Sunday, February 7, 2010

A long time to be short

I've spent the past month working on two short stories, rising early to write before work (and believe me, spending your first 1.5 hours awake thinking about murder sets an interesting tone for the workday) and devoting many hours on weekends. It hasn't been easy.

Most people think writing a short story must be far less difficult than completing a novel. Although I’ve yet to finish mine, I do know that crafting a short story is extremely challenging.

Relating the story, developing characters the reader will care about, and creating a sense of place are all essential elements that require words – and sometimes lots of ‘em. So if there’s a tight limit, such as 3,500 words for one of my stories, finishing a first draft still means many more hours of work to pare it down without losing the essence. Writers find this process of “killing your darlings” -- deleting words or phrases that took hours, and sometimes days or weeks, to craft – particularly painful.

My friend Kathleen, who delights in writing very short stories, often brags that if she were to divide the meager payment she receives for publication in an anthology by the number of words written, she’s the highest paid author per-word in that book. Last year, however, her 246-word story was not enough to maintain that distinction because someone else wrote a piece that was only 64 words long. Think about it – an entire story in 64 words. That’s shorter than most conversations.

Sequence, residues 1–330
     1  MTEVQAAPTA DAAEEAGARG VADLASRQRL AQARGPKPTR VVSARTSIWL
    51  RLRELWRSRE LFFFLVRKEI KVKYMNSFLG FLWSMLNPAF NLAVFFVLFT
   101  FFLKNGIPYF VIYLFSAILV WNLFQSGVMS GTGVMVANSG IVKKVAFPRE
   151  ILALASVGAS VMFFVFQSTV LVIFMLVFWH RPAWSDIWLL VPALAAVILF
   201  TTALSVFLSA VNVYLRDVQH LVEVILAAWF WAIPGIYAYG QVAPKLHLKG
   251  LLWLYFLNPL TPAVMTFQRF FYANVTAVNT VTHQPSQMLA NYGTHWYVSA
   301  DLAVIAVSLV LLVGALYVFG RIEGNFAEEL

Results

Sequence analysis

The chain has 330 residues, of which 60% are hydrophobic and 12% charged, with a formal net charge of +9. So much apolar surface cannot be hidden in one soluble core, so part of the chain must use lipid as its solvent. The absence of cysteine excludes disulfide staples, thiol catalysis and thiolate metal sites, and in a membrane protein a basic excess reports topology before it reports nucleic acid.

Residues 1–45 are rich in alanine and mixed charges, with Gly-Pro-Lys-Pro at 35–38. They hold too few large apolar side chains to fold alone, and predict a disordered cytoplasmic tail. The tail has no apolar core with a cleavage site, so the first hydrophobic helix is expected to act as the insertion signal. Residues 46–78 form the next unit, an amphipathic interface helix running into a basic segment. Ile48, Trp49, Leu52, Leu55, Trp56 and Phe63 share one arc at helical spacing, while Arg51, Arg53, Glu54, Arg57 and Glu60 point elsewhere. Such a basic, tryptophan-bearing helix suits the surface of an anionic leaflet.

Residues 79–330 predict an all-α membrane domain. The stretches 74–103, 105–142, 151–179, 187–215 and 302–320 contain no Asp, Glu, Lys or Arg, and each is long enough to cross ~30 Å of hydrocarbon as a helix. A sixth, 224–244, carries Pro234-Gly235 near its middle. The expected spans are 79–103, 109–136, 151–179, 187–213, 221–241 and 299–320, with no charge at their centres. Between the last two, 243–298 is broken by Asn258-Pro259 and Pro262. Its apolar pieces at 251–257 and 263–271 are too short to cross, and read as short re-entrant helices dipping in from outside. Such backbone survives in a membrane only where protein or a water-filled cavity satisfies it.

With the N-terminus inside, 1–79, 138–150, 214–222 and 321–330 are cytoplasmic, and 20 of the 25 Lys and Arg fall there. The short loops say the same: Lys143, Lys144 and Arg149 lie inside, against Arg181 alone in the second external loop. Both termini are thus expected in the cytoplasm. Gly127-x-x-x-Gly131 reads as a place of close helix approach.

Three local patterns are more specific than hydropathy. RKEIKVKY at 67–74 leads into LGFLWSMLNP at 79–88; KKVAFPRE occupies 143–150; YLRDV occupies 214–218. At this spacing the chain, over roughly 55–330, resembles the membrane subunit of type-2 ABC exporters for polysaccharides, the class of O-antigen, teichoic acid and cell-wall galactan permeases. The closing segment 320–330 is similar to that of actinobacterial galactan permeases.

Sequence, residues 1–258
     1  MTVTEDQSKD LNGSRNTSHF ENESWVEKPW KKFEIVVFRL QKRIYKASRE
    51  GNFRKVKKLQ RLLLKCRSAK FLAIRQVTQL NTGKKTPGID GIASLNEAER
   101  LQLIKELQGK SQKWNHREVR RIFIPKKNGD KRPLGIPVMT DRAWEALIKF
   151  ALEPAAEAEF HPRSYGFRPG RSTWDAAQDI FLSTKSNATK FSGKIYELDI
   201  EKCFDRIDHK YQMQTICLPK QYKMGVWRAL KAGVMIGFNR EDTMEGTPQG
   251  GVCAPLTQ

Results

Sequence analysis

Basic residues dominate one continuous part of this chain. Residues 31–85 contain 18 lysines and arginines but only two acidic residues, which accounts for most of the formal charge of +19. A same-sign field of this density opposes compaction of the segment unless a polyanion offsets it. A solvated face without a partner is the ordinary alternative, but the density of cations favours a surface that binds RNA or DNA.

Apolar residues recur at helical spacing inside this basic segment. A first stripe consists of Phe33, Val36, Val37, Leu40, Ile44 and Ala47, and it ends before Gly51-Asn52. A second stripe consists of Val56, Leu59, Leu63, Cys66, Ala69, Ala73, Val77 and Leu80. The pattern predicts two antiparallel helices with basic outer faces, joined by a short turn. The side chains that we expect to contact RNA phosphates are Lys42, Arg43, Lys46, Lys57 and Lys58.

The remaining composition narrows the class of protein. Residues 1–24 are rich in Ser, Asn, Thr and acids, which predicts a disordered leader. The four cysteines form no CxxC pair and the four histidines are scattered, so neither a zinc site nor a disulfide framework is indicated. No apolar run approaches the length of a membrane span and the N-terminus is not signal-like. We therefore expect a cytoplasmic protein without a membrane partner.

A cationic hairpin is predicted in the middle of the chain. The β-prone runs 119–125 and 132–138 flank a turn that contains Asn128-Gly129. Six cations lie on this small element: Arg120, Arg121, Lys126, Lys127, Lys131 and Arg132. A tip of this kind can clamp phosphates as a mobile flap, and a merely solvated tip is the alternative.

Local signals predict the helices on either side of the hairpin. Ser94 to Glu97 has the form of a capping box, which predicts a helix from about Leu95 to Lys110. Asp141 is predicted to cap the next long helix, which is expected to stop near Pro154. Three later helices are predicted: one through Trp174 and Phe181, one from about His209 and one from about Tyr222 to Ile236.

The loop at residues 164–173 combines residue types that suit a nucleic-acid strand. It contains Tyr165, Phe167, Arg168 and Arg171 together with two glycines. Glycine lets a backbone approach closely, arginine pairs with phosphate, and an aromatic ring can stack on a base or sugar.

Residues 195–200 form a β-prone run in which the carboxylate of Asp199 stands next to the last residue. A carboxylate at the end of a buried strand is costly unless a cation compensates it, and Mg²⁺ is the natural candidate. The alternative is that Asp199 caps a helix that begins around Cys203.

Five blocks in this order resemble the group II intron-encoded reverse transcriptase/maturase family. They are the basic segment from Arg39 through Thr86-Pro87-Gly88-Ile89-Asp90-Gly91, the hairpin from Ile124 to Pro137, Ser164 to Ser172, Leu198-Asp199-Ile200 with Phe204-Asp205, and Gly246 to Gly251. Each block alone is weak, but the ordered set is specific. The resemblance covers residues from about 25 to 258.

It’s also fewer words than have been allowed in the flash fiction challenges I've been participating in recently to keep my creative juices flowing. I do think, however, that flash fiction readers have lower expectations about what such a short story has to contain to be credible, which helps, but all the primary elements still need to be there.

There are those who contend powerful stories can be told in even fewer words. According to writing legend, Ernest Hemingway once wrote one in six words: “For sale: baby shoes, never worn.”

I've seen writing challenges urging participants to duplicate this feat, including asking them to describe their lives in just six words. Smith Magazine has been publishing collections of these six-word memoirs over the past few years.

As someone who often writes far too many words, I admire the ability of these writers to sum up their lives in so few of them. Here are a few of my favorites:

“Well, I thought it was funny” – Stephen Colbert
“At least I never voted Republican” – Tony Kushner
“I picked passion. Now I'm poor. -- Kathleen E. Whitlock
“So would you believe me anyway?” -- James Frey

If you had to sum up your life in six words, what would they be?

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